EXCLUSIVE: Borna Coric On Motivation, Shoulder Pain And His Admiration For Cilic - UBITENNIS
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EXCLUSIVE: Borna Coric On Motivation, Shoulder Pain And His Admiration For Cilic

The world No.28 spoke to Ubitennis following his quarter-final loss at the Japan Open about an array of topics.



Borna Coric - US Open 2020 (via Twitter, @usopen)

Borna Coric first burst onto the scene as a teenage sensation tipped by many to be the next big thing in tennis. 

At the age of 19, he became the youngest player to finish the 2015 season inside the world’s top 50 on the ATP Pepperstone rankings. The following year he became the youngest player in eight years to contest a World Tour Final and the youngest in a decade to reach a Masters 1000 quarter-final in Madrid.

Over the coming years, Coric has won three ATP titles so far in his career with the most prestigious occurring this summer at the Cincinnati Masters. He has also reached the final of another five tournaments, as well as the quarter-finals of the 2020 US Open. 

There have also been challenges for the Croat throughout his career. A troublesome shoulder issue resulted in him undergoing surgery and missing 12 months of the Tour between 2021-2022. Despite the setback, he was determined to return to action as soon as he was able to. 

“I just like tennis and I want to compete with the guys on the Tour. I like my lifestyle,” he said during a interview with Ubitennis in Tokyo.
“This was my main motivation, I knew I could come back and I just needed to work hard.”

Since starting his comeback from injury, the 25-year-old has won 16 matches against 10 losses on the Tour. Besides Cincinnati, he also reached the quarter-finals of the Hamberg Open and won a Challenger tournament in Italy. Slowly making progress towards a place inside the top 20 once again, Coric admits that he still has some pain in his shoulder but it is something he has grown accustomed to. 

“There are going to be times when my shoulder is going to be hurting a little bit. I know I can not injure it more, it’s just going to be hurting a little bit and then the next morning it’s going to be aching. That’s pretty much it,” he explains. 
“The only thing which I need to deal with is the pain. It is not going to get worse and I can’t damage anything. It is just going to be there sometimes.’
“As long as it’s not too often and like it was before I had surgery, it’s fine.”

Playing the Big Four, love for Wimbledon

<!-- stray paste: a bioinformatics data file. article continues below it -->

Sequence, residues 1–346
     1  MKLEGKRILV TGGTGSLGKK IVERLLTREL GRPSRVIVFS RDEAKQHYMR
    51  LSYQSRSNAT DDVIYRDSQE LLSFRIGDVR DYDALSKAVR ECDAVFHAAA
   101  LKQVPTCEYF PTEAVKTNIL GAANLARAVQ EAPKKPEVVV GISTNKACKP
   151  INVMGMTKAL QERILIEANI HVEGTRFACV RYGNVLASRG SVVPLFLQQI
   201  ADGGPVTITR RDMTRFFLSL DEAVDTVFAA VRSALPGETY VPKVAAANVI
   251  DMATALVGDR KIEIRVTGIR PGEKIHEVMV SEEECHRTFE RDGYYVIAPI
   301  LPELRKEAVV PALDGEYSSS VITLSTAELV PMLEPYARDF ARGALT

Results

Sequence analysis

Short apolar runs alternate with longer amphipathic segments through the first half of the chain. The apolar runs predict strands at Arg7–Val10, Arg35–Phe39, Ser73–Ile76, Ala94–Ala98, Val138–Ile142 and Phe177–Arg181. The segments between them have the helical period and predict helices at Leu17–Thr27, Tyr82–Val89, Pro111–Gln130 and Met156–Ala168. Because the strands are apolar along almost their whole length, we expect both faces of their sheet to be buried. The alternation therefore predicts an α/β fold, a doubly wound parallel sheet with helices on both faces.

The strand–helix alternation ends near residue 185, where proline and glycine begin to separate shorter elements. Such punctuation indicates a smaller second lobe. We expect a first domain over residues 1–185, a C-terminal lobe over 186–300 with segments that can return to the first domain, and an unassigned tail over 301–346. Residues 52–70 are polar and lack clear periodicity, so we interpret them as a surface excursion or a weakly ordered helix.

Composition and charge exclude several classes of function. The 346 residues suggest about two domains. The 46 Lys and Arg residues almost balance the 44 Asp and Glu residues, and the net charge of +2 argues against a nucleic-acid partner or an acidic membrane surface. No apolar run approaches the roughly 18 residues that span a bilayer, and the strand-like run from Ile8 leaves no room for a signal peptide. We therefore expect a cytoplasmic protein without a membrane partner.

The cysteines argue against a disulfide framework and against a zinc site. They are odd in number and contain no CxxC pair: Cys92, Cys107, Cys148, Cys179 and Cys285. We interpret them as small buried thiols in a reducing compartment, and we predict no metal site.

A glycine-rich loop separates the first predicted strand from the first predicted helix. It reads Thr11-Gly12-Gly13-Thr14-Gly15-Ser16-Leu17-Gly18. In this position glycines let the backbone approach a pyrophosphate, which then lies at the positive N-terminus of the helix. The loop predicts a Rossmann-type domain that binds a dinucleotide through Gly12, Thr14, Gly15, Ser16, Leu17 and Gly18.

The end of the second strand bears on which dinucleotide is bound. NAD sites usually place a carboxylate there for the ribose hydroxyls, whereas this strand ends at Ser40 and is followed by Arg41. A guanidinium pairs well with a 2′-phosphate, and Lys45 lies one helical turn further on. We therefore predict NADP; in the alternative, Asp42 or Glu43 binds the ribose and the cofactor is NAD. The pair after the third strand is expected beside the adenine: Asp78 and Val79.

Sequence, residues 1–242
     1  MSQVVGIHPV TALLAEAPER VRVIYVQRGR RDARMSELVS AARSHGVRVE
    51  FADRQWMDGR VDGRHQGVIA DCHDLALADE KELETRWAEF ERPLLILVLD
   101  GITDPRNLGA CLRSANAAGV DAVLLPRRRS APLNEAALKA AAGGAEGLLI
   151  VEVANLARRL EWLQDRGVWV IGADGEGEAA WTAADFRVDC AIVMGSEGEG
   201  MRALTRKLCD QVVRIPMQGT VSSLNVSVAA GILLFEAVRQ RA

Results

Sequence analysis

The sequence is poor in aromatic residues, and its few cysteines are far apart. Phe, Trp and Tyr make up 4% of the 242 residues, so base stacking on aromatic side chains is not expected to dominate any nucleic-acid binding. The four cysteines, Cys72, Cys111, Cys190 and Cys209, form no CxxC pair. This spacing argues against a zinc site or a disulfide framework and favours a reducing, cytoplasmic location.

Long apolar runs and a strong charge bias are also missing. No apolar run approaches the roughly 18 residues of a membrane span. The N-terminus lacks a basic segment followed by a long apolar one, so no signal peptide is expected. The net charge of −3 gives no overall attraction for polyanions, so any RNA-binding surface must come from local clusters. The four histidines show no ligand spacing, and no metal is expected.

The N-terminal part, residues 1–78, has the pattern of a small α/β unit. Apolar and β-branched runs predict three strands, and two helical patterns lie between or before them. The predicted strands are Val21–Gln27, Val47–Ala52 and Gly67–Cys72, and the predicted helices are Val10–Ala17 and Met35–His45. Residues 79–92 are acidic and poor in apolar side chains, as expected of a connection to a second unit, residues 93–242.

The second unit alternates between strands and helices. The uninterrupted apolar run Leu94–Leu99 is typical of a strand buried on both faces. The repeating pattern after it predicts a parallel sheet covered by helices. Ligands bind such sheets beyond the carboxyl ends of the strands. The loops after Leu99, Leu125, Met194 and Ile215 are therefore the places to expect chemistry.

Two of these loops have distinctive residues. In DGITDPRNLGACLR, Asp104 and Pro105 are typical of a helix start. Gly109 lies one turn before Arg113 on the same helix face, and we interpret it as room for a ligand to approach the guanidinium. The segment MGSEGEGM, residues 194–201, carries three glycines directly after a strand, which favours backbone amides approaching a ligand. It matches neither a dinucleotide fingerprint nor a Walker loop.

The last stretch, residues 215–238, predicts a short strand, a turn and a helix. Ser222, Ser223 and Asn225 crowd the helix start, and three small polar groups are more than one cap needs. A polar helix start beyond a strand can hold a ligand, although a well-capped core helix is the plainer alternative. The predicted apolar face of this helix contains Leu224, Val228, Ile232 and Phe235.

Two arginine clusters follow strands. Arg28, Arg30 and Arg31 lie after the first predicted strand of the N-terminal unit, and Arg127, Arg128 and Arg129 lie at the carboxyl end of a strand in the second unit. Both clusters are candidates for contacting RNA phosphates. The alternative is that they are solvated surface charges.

Image via https://twitter.com/borna_coric

Whilst he is yet to crack the top 10, Coric is one of a few players who has beaten three members of the Big Four multiple times in his career. He leads Rafael Nadal 3-2 in their head-to-head and has beaten both Andy Murray and Roger Federer twice. The only member of the group he is yet to get the better of is Novak Djokovic who he has lost to in all four of their encounters.

Nevertheless, Nadal and Djokovic remain the players to beat in Grand Slam events. Between them, they have won three out of the four Grand Slams this year. Carlos Alcaraz won the US Open. 

“Back then it was mostly physical and also a bit of the mental side,” Coric said of the last time he played a member of the Big Four at a major.
“At the end of the day I haven’t played against them for a very long time in the Grand Slams so let’s see what happens next time. Maybe I play better, maybe I play worse. I’m not sure. I think I’m better physically than in 2015/2016 but you never know.”

Interestingly when it comes to Coric’s favourite Grand Slam and surface, his answer comes as a surprise to some. As a junior, he won the US Open boy’s title and the tournament is where he achieved his best result on a professional level. However, it is another tournament which he has labelled as the most special. 

“It will probably be Wimbledon just because of the grass. It’s very special but probably the least chance I have of winning (out of the Grand Slams) because I am not as good on grass as the other surfaces and I didn’t play Wimbledon for the last three years. At the same time, it’s my favourite tournament and it has been my dream to win since I was a kid.” He said. 

Coric has only ever won one match at Wimbledon but he hasn’t played there since 2018. 

The last Croat to reach the final at SW19 was Marin Cilic in 2017 who has been somewhat of an Achilles heel for Coric over the years. He has a losing 0-8 record against Cilic who is almost nine years older than him. 

“He just knows my game very well. Two times I felt like I was very close, I was unlucky. The other six times he was just playing great.” Coric said of his compatriot. 
“When he plays at his best he’s right up there as the top five in the world.
“He’s my very good friend and we live in the same building and train a lot together.”

The full interview between Coric and Andras Ruszanov can be listened to below.


Jack Draper Wins In Stuttgart, Potentially Faces Andy Murray in Round Two



Jack Draper – ATP Monaco di Baviera 2024 (foto via Twitter @atptour)

Britain’s Jack Draper tight first round win headlined the opening day’s results at the Boss Open 2024 in Stuttgart – and possibly faces a second-round match with Andy Murray who takes on Marcos Giron tomorrow.

Less than 24 hours from the last ball being hit at Roland Garros, the ATP Tour had already switched surfaces onto the grass, and 22-year-old Draper was well tested but ultimately came through in two tie-breakers over Sebastian Ofner.

The sixth seed’s 7-6, 7-6 win contained just one break of serve each, both coming in the second set, as serve dominated proceedings on the faster grass courts in Germany.